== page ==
The planned alignment of the Yonge North extension under the Royal Orchard neighbourhood is also under fire, although Metrolinx claims that the line will be so deep it will have no effect on the residential community above. That is an intriguing claim given that the tunnel portal is in the GO rail corridor and the trains will not leap instantly from deep underground to the surface.

The Scarborough decision has long been a fait accompli, but the current announcement commits the feds to a 40 per cent share of the expanded project.

More Streetcars for Toronto

In 2020, the TTC proposed that the streetcar fleet be expanded by 60 cars, and the City signed on to fund 13 of these. The remaining 47 are now funded by contributions from the other governments, a move that will keep Thunder Bay happy with a vehicle order to keep the now-Alstom (formerly Bombardier) plant going. Some work will also go to the Alstom plant in La Pocatière, Québec.

The subway extensions will also need new cars, but unlike the streetcar fleet, there is no open contract to simply be extended. It will be interesting to see how additional cars for Line 1 and a new fleet for Line 2 will be tendered, and what political machinations will bear on the vendor selection.

The expanded streetcar fleet will not all fit in existing facilities at Leslie, Russell and Roncesvalles. The TTC plans to renovate Harvey shops at Hillcrest as a small carhouse serving (at least) the 512 St. Clair route. The existing streetcar maintenance facilities at Hillcrest were designed in the 1920s for standard sized streetcars and could only host a few Flexitys at a time during the early testing and acceptance period.

Now that the full order for more cars has funding, the Hillcrest renovations can proceed.

Left at the Altar

Important projects which might benefit from federal funding are still sitting in limbo including:

  • Eglinton East LRT to UTSC and Malvern
  • Waterfront East LRT to Broadview
  • Line 2 Bloor-Danforth Automatic Train Control and fleet renewal
  • New Line 2 maintenance facility west of Kipling Station (Obico yard property)

There is a separate federal program to fund transit, but that is already partly earmarked for electrification of the bus fleet and garage upgrades. How much will be left for other projects remains to be seen.

With all of this new money for Toronto transit, the TTC needs to update its Capital Plan to reflect the current status of project funding and the remaining budget shortfall. We might have billions worth of promises, and even a few celebratory bottles to drink, but there is a long way to go thanks to decades of deferred investment.

GO / UP Express Off-Peak Service Cuts Effective January 23, 2021

In response to the steep decline in demand on their rail services, Metrolinx announced substantial changes to off-peak services on January 14.

Union-Pearson Express

Service now begins at 4:55 am every day and continues until 1:00 am every half-hour. This will change:

  • On weekends, the first train will leave Union at 6:00 am.
  • The last train will leave Union at 10:00 pm every day.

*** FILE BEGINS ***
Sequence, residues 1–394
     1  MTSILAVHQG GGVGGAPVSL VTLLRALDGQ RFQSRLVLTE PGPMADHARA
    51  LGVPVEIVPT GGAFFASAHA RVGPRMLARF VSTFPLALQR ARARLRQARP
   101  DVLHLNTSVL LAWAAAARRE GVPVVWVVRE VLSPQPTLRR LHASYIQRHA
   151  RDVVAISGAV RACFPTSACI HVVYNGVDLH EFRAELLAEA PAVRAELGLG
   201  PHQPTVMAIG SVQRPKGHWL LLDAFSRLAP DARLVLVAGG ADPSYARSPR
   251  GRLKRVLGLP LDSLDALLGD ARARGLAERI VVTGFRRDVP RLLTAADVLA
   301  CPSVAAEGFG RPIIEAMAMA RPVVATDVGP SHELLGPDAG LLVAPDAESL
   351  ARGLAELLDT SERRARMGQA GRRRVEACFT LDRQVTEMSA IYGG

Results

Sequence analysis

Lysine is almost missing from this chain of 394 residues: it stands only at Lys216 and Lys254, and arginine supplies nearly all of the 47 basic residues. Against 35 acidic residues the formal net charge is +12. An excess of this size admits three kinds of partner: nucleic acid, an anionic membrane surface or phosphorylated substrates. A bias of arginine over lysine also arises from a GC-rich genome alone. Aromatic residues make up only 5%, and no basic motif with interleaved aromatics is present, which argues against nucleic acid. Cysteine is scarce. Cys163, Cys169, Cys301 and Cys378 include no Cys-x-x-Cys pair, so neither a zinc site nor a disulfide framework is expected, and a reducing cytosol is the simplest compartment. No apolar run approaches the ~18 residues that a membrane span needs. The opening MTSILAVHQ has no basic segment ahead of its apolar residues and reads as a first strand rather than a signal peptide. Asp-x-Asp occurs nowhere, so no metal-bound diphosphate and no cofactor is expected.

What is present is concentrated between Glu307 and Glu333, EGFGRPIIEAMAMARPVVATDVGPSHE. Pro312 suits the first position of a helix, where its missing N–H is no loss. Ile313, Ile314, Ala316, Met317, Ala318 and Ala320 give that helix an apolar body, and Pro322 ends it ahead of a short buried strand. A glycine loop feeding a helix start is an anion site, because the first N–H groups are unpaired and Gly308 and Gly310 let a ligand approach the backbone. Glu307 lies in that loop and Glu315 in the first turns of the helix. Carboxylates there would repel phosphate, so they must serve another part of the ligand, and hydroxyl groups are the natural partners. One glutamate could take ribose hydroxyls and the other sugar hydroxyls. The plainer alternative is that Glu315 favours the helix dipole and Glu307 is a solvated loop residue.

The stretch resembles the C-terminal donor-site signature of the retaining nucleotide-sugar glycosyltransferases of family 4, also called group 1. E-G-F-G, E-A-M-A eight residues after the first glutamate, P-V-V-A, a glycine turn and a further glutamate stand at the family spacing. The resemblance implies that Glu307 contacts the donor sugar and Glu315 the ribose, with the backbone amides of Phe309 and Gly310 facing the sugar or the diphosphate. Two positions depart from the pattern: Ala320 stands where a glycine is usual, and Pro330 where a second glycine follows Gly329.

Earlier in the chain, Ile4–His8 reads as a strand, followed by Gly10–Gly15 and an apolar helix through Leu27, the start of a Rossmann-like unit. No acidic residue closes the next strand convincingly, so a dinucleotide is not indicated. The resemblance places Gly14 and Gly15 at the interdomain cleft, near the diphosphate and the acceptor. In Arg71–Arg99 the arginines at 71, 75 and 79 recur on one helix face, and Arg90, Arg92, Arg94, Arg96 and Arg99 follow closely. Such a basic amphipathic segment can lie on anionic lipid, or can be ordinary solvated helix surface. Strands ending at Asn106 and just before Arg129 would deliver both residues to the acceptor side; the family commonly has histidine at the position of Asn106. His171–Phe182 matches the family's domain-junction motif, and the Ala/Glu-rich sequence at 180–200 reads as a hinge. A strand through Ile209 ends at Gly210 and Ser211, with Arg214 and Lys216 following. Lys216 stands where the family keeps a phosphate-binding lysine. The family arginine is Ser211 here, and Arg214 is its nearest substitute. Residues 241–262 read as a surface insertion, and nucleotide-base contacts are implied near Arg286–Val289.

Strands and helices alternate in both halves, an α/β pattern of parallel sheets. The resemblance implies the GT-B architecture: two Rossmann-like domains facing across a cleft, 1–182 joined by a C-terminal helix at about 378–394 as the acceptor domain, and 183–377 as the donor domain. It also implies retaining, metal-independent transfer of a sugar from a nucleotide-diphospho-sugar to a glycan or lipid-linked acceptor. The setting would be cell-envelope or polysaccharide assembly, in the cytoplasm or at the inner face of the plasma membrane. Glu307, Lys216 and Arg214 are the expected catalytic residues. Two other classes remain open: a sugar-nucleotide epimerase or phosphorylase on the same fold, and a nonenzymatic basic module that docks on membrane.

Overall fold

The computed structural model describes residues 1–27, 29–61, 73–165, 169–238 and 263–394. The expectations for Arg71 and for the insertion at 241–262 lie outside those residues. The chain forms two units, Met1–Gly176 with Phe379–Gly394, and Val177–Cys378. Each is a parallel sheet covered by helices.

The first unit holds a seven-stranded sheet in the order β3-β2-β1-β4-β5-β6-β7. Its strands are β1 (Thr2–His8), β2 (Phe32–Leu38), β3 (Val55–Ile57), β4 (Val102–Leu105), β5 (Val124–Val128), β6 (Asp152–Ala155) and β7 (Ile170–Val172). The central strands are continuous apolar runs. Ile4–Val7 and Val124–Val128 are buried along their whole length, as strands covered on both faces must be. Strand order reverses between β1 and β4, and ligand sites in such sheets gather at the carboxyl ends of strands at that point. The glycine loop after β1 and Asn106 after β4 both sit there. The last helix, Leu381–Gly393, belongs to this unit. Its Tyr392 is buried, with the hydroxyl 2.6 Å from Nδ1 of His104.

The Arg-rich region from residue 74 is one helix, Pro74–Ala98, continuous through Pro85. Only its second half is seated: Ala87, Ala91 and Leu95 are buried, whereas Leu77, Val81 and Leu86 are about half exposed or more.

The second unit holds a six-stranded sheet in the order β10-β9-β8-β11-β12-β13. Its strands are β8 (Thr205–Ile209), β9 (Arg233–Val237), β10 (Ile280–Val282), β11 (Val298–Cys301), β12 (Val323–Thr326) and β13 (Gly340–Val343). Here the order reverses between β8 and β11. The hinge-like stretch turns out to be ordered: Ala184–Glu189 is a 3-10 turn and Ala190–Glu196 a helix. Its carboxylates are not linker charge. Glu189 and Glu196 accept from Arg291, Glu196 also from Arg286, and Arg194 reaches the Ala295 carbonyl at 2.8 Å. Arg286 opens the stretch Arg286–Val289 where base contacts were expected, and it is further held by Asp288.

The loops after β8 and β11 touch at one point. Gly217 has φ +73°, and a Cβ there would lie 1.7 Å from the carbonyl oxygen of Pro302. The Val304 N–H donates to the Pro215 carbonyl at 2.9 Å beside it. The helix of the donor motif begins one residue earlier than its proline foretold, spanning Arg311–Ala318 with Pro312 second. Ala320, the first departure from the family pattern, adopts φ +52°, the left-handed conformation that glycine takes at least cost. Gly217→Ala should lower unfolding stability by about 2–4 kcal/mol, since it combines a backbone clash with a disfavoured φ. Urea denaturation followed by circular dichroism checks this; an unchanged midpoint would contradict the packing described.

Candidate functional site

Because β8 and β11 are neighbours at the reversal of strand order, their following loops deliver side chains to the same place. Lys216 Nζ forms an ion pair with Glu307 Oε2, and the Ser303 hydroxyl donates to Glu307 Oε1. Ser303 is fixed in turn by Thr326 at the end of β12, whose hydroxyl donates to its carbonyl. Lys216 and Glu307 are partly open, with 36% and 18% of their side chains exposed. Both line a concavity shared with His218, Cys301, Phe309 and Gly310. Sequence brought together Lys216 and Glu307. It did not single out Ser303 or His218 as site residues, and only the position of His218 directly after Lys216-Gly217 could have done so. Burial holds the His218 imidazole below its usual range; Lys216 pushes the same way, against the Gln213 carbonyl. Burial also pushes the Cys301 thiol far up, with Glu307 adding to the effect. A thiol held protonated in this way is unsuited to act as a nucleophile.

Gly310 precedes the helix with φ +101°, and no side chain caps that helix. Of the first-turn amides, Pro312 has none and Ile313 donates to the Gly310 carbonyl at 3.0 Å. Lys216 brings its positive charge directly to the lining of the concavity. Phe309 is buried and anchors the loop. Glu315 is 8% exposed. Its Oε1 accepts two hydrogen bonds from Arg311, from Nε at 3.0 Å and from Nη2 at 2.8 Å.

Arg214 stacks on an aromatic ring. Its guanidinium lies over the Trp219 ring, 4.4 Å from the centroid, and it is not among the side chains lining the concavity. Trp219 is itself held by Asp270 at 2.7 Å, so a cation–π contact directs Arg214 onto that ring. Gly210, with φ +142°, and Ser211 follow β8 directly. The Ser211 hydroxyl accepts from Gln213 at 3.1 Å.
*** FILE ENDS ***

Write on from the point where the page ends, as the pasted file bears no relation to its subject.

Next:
• Half-hourly service will be provided only during these periods:
    • Weekdays 5:30 to 9:00 am, and 3:00 to 8:00 pm
    • Weekends 9:00 am to 7:00 pm
  • Hourly service will operate at other times.

GO Transit

All weekend and evening train service on the Kitchener, Barrie and Stouffville corridors will be replaced by buses operating from the new Union Station bus terminal. The changeover will begin on Friday, January 22 for Stouffville trains in the evening due to planned construction on the line that weekend.

The Effect of Covid-19 on GO/UPX Ridership

In recent years, Metrolinx has been proud to show strong growth on its network, and was starting to think in terms beyond peak-period, peak-direction commuting to downtown Toronto. With the work-from-home shift in the business core, this demand has collapsed.

The map below shows the growth in ridership for the period April-December 2019 compared with the 2018 figures. The size of the dot at each station is scaled to the change in demand. (Click on the images below for larger versions.)

Covid-19 changed everything, and ridership in April-September 2020 is only a fraction of former levels.

PDF versions of these files are available here:

The decline in demand has been severe, and no corridor is carrying even 10 per cent of its former demand. This is much worse than the situation on the TTC network where demand, although down from 2019, ranges up to 50 per cent of former levels thanks to continued strong ridership by essential workers and by those for whom car travel is not an option.

At a corridor level, the best performance is on Lakeshore East at 9.4 per cent of former demand, while Richmond Hill brings up the rear at 1.5 per cent, or 87 riders per day.

At a station level, the best performance is at Oshawa at 11.6 per cent of former demand, or 418 riders per day. Some stations are below 10 per day.

A tabular version of the station-by-station values is available here:

Weekday train service to Niagara Falls was suspended earlier in GO Transit’s covid-era schedules, and the weekend service was dropped on Saturday, January 9. GO hopes to resume weekend service in spring 2021.

Longer term, the challenge for Metrolinx will be the pace of demand recovery on its network given its strong commuter orientation. The program to expand GO capacity and, eventually, to electrify parts of the network now depends on assumptions about future levels of service and demand including when or if these will be achieved.